Tom Astrup, president and chief executive officer, spoke to a glum crowd of more than 800 at the Fargo Holiday Inn. The company’s payout is cut by 60% in payments — the result of a smaller payment on a much smaller crop.
Astrup acknowledged that “everybody” would lose money on beets this year, during a time when other crops, including potatoes, suffered as well. About 115,000 acres, or about a third, were left in the field, often with large yields of up to 35 tons per acre.
Knutson of Fisher, Minn., said farmers suffered an “unruly harvest” that left a third of the crop in the field. “Sometimes we have to bear the brunt of a bad year,” Knutson said, but he said the board had tried to do the right things to treat shareholders equitably.
Knutson stepped down after the meeting after serving his maximum terms on the board.
Andy Ford, president of Midwest Agri-Commodities Co., described how his company — a coalition since 1979 that includes American Crystal, Minn-Dak Farmers Cooperative, Southern Minnesota Beet Sugar Co., and Michigan Sugar Co. — in the past year accounted for $7.25 of the payment of the 2018 crop payment. About half of the byproducts stay in the U.S., but the rest is exported. Beet pulp largely goes into cattle and pet food.
Astrup noted that the byproduct sales account for the entire profits for farms that are shareholders in the company.
Ronald Brownstein, senior political analyst for CNN and senior editor of The Atlantic magazine, was a guest speaker and didn’t sugar-coat the political landscape.
Brownstein described a “partitioning of the country” between blue and red, and joked that the American Crystal logo includes blue and red concentric circles that don’t touch. He said that no matter how the 2020 presidential election turns out, 49% of the country will feel will feel under siege from the other.
“I wonder if we’re heading toward the most political turmoil since the 60s,” he said. “The only question is whether it’s the 1960s or the 1860s,” referring darkly to the Civil War years. He said if people are in agriculture, they have to wonder whether they’ll live in a world of trade wars or trade agreements, depending on who wins.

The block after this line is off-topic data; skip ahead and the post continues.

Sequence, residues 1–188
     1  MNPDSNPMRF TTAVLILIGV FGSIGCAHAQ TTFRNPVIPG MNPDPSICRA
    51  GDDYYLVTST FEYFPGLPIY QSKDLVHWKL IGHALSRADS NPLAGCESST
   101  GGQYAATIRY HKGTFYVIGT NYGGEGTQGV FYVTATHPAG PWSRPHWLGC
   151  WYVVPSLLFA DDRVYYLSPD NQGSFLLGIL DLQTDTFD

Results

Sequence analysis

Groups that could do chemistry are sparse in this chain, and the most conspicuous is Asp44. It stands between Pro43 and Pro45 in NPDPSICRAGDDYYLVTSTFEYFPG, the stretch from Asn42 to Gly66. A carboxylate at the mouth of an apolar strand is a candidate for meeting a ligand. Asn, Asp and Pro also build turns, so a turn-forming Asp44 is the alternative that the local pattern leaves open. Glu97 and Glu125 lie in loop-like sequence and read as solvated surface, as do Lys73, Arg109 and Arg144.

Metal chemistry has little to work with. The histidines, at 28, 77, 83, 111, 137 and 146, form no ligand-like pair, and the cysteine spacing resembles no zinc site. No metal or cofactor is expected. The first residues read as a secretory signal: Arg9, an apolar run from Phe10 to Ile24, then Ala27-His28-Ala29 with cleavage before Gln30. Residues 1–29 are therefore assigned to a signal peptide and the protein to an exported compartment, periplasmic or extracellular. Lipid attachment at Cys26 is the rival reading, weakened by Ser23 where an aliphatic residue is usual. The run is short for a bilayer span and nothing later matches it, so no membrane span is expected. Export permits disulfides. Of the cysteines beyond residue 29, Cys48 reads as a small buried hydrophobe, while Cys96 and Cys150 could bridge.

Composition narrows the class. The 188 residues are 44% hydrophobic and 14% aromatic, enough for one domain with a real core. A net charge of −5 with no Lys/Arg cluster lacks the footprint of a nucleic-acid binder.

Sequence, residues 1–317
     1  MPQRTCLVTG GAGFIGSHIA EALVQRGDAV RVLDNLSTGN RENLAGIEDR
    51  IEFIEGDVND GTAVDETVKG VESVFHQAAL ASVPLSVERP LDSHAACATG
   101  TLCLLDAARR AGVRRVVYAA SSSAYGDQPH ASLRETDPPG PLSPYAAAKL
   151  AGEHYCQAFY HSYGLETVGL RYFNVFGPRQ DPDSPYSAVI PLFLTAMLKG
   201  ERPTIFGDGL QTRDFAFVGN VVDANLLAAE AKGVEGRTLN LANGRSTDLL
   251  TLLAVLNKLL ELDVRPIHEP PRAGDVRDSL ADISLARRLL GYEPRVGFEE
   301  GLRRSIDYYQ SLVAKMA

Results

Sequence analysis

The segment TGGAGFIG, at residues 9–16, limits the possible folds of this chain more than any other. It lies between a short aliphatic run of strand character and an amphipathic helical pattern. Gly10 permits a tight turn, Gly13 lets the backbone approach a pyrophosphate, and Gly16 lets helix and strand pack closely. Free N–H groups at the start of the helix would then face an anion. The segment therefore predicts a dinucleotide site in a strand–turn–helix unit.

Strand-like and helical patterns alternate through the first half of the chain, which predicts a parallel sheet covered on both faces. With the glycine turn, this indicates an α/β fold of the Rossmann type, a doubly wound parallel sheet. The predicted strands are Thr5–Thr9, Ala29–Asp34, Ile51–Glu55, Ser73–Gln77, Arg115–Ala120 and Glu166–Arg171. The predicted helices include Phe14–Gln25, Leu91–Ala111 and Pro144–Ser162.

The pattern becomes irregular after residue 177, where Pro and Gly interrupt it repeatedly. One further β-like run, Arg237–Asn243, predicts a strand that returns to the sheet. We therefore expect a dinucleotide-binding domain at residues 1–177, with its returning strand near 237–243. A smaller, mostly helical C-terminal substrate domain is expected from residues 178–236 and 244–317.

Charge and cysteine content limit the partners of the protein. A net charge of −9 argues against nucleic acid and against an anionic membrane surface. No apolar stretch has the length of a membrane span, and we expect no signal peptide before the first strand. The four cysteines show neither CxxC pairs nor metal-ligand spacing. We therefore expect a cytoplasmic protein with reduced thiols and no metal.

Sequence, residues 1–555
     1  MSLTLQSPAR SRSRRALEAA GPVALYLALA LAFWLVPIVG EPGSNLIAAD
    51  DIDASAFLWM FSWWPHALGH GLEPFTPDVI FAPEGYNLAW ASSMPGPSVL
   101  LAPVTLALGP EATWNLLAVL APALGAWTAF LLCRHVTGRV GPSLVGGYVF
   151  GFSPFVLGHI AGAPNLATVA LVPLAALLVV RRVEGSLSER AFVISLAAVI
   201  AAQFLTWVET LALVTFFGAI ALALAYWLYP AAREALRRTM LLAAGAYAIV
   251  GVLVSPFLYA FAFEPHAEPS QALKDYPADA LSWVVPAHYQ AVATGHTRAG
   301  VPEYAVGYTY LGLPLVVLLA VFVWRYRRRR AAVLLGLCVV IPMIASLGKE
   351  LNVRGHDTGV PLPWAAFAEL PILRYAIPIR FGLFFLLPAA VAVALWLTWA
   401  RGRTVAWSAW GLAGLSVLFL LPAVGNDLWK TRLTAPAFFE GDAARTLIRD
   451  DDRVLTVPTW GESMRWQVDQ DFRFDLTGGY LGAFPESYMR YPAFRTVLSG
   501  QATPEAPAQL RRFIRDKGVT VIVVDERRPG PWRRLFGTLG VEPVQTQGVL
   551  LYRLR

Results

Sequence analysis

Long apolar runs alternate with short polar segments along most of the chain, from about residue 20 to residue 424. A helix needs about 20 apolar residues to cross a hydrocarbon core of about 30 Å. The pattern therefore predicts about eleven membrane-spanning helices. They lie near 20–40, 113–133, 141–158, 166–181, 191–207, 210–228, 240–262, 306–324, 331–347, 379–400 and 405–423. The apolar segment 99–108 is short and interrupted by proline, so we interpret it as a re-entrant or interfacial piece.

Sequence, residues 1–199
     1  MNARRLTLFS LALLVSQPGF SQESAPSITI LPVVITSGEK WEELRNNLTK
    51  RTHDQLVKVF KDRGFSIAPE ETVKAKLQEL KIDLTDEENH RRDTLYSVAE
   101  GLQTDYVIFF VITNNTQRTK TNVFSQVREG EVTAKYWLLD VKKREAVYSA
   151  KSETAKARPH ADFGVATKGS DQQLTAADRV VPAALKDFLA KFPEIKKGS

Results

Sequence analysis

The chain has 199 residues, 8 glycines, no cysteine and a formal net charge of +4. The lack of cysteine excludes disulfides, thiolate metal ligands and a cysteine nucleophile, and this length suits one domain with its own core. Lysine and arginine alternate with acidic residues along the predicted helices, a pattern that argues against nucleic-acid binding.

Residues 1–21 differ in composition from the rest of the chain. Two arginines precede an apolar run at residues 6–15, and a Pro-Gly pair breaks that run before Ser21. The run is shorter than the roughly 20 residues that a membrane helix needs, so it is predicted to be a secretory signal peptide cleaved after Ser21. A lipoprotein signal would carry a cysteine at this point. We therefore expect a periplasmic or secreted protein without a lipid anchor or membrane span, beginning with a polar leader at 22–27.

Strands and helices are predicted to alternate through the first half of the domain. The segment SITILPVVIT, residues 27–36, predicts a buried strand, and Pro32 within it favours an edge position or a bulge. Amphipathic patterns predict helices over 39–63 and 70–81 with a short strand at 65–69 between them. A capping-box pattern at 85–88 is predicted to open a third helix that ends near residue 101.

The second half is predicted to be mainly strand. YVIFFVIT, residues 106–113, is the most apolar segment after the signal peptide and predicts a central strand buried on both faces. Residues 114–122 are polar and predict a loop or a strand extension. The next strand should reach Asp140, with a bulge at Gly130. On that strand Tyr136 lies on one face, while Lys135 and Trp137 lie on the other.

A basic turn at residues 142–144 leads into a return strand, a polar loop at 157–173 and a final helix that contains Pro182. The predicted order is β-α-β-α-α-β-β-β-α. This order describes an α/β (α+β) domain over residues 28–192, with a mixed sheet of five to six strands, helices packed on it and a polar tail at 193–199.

Much of the news of the event came out earlier. Nov. 21 completed its last of five factory district meeting, projecting a payment of $37 per ton payment, a sharp reduction from the $54.78 per ton paid on the 2018. But this year’s payment is on 7.7 million tons, instead of the 11 million tons before. The company will subtract $3 in “unit retains,” an amount withheld as an “equity contribution” from members and historically repaid after seven years.
Astrup said the company would do about $90 million in capital improvements but would have spent more without the bad crop.
Farmers who could not harvest are being assessed “fixed costs” of $343 per acre on any unharvested acres, and some sources indicated the board will study whether that needs to be tweaked to make sure there is a full incentive to harvest in difficult times, as opposed to collecting crop insurance.
American Crystal markets sugar in a pool arrangement called United Sugars Inc., with three partners — Minn-Dak Farmers Cooperative of Wahpeton, N.D., and U.S. Sugar Corporation, a cooperative based in Clewiston, Fla., and Wyoming Sugar Co. of Torrington, Wyo., which was added in the past year.
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December 18, 2019 at 12:05PM
Pat Freese, Kent, Minn., chairman of the board of Minn-Dak Farmers Cooperative, said the co-op is poised to turn upward after three tough payment years, including the 2019 impact of an early freeze. Photo taken Dec. 12, 2019, Fargo, N.D. (Mikkel Pates / Agweek)
on Dec 16, 2019 at 12:51 p.m.
FARGO, N.D. — Pat Freese says he wants to return Minn-Dak Farmers Cooperative to its status as a "shining star" in the sugar beet business.
Freese is the chairman of the board at Minn-Dak Farmers Cooperative, based in Wahpeton, N.D., which held its 47th annual meeting in Fargo on Dec. 12.
The co-op announced a $27.12 per ton beet payment, withholding $2 per ton as a "contingency," leaving the payment at a "disappointing" $25.12 per ton. Minn-Dak typically plans to end slicing beets May 20, but now expects to be done at the end of March.
After two tough years due to processing issues, the co-op brought in only 70% of the beets of their planned tonnage, driving down revenues by $18 million.
A farmer from Kent, Minn., Freese told a large crowd of shareholders that the co-op has reinvested in its infrastructure, despite the fact that some members are questioning the co-op's viability.
"Did we take our eye off the ball? Did we miss the opportunity to invest in our operations at a time when the means were available? Are we still a shining star?" Freese asked, rhetorically, but then vowed to meet every challenge going ahead.
$25.12 per ton